Elizabeth Ellen’s stories have appeared in numerous online and print journals over the last ten years, including elimae, Quick Fiction, Hobart, Lamination Colony, Mud Luscious, Sleepingfish, American Short Fiction, Pindeldyboz, and many others. She is the author of the chapbook Before You She Was a Pit Bull (Future Tense) and her collection of flash fictions, Sixteen Miles Outside of Phoenix, was included in A Peculiar Feeling of Restlessness: four chapbooks of short short fiction by four women (Rose Metal Press). Fast Machine is a collection of her best work from the last decade. Currently she lives in Ann Arbor where she co-edits Hobart and oversees Hobart’s book division, Short Flight/Long Drive books.
Mary Miller is the author of a story collection, Big World (Short Flight/Long Drive, 2009). Her fiction has appeared in McSweeney’s Quarterly, Ninth Letter, Oxford American, American Short Fiction, and New Stories from the South, among others. She is currently a Michener Fellow at the University of Texas at Austin, where she serves as Editor-in-Chief of Bat City Review.
Adam Wilson is the author of the novel Flatscreen (Harper Perennial, 2012). His fiction has appeared in many publications including The Paris Review, The Literary Review, Washington Square Review, New York Tyrant, The Coffin Factory, Meridian, Cousin Corinne’s Reminder, Word Riot, elimae, Gigantic, and the anthology Promised Lands: New Jewish American Fiction on Longing and Belonging. He is a founding editor of the international online newspaper, The Faster Times, and former culture critic for BlackBook. He is currently a regular contributor to both Bookforum and The Paris Review Daily. His essays, journalism and criticism have also appeared in The New York Times, The New York Observer, Time Out New York, The Forward, Paste, The Rumpus, and the anthologies Dirty Words: A Literary Encyclopedia of Sex, and A Friday Night Lights Companion: Love, Loss, and Football in Dillon, Texas.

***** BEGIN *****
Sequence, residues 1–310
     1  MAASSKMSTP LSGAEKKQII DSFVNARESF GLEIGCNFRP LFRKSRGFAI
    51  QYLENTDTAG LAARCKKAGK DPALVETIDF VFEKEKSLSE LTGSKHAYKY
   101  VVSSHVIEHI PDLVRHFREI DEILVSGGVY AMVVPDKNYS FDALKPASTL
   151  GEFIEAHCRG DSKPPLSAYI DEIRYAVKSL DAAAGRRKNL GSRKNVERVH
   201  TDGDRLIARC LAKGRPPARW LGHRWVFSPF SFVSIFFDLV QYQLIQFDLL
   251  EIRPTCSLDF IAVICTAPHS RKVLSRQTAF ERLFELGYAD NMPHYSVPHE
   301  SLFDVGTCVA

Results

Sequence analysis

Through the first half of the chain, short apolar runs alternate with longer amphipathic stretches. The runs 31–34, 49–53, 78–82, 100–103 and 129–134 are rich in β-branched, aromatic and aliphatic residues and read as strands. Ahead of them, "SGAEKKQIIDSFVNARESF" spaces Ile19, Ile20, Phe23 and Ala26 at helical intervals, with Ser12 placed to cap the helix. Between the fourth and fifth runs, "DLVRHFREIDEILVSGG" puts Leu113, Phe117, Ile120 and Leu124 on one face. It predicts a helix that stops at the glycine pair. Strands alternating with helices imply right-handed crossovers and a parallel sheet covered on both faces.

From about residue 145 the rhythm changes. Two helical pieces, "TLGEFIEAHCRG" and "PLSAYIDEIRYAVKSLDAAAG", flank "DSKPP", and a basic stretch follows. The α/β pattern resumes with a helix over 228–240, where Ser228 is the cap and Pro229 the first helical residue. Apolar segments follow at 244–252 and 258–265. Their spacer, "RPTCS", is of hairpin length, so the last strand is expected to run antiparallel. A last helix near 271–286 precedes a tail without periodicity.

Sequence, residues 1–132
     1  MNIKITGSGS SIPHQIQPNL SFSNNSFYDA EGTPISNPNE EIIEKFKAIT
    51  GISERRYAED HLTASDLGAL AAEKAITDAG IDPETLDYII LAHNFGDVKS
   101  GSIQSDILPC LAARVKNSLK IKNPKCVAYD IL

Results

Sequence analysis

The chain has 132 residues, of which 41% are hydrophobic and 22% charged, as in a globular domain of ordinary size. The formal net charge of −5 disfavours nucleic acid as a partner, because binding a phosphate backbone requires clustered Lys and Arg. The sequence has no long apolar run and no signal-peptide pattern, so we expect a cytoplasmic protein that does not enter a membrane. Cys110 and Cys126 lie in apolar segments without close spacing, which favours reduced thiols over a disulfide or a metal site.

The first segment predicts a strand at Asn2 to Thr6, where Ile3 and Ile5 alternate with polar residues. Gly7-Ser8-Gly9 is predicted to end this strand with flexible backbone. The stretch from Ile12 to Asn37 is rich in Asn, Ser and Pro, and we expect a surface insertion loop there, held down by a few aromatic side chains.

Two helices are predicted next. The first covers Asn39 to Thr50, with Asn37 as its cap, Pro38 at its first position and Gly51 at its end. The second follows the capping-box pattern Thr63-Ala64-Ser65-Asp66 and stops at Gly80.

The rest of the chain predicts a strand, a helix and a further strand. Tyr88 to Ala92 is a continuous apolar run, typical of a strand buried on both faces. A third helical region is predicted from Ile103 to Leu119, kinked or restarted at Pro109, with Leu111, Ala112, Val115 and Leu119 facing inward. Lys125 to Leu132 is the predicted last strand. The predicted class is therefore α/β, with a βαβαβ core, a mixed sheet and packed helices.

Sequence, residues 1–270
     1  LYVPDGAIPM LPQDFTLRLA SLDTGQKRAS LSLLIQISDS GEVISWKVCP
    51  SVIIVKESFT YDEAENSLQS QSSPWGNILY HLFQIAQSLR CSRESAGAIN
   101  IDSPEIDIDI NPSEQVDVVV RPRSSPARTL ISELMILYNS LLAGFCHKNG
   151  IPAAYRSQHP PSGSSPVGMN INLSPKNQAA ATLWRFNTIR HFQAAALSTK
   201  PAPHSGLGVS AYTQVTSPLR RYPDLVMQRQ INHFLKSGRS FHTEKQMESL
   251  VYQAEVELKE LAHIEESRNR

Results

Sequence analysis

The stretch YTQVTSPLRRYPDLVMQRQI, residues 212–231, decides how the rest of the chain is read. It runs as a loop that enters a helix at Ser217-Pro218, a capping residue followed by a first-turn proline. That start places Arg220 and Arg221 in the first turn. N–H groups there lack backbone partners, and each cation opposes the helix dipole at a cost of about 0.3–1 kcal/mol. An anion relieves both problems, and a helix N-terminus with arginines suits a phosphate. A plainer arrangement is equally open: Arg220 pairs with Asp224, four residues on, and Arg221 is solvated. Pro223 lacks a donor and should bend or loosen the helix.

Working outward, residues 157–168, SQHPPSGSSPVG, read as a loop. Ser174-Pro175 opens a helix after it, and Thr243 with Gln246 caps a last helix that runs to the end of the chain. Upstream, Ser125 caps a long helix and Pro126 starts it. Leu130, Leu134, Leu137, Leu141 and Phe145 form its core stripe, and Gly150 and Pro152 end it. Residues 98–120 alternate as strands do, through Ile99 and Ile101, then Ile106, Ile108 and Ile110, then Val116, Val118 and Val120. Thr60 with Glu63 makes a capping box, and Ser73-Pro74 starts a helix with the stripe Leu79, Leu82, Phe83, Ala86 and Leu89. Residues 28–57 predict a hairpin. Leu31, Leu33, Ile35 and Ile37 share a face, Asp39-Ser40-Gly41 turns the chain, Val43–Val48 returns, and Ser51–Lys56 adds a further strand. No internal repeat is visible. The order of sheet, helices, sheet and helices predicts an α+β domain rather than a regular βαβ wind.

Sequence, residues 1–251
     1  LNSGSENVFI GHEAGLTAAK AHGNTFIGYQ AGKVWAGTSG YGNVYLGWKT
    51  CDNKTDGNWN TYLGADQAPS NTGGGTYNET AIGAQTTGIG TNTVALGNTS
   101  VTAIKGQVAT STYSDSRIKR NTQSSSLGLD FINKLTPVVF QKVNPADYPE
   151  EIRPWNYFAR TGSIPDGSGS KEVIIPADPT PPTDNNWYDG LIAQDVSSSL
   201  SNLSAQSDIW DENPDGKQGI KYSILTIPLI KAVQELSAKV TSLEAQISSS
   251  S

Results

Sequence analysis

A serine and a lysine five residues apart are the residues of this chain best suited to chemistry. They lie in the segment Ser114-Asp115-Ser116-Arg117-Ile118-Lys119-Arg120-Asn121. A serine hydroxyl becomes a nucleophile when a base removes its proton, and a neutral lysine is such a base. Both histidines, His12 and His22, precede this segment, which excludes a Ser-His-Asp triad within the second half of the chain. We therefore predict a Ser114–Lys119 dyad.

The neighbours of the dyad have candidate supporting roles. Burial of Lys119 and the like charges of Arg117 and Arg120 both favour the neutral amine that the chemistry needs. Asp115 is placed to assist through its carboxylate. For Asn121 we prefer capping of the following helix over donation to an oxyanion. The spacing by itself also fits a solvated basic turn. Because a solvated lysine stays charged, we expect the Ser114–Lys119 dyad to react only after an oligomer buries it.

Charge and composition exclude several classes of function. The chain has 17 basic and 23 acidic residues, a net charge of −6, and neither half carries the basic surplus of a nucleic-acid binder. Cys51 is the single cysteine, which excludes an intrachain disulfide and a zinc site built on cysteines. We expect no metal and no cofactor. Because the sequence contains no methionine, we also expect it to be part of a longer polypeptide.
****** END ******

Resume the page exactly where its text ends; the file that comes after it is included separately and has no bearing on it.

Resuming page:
Mark Jay Mirsky founded the magazine Fiction together with Donald Barthelme, Max and Marianne Frisch and Jane de Lynn in 1972. He has published thirteen books of fiction and imaginative prose, while teaching literature and creative writing for over forty years at The City College of New York as well as at Stanford University and Bar Ilan. His latest book is The Drama in Shakespeare’s Sonnets, “A Satire to Decay” and he threatens further publication on this subject to provoke the ghost of Borges. Editor of the Diaries of Robert Musil in English, co-editor of the anthology Rabbinic Fantasies (Yale University Press), he arranged for the translation and co-edited the histories of Pinsk, his father’s city in Eastern Europe, the second volume of which will appear next fall from Stanford University Press. The author is presently in pursuit of Scheherazade in The Thousand Nights and a Night, and his mother in the World to Come. The former editor of The Massachusetts Review, Jules Chametzky has devoted a chapter to Mirsky in his forthcoming book, Out of Brownsville.
Karen Baddeley’s work has appeared in Fiction, Beatdom, and Glasschord magazines. She received her MFA in Creative Writing from the City College of New York. Originally from Lincoln, Nebraska, she now lives in Washington Heights.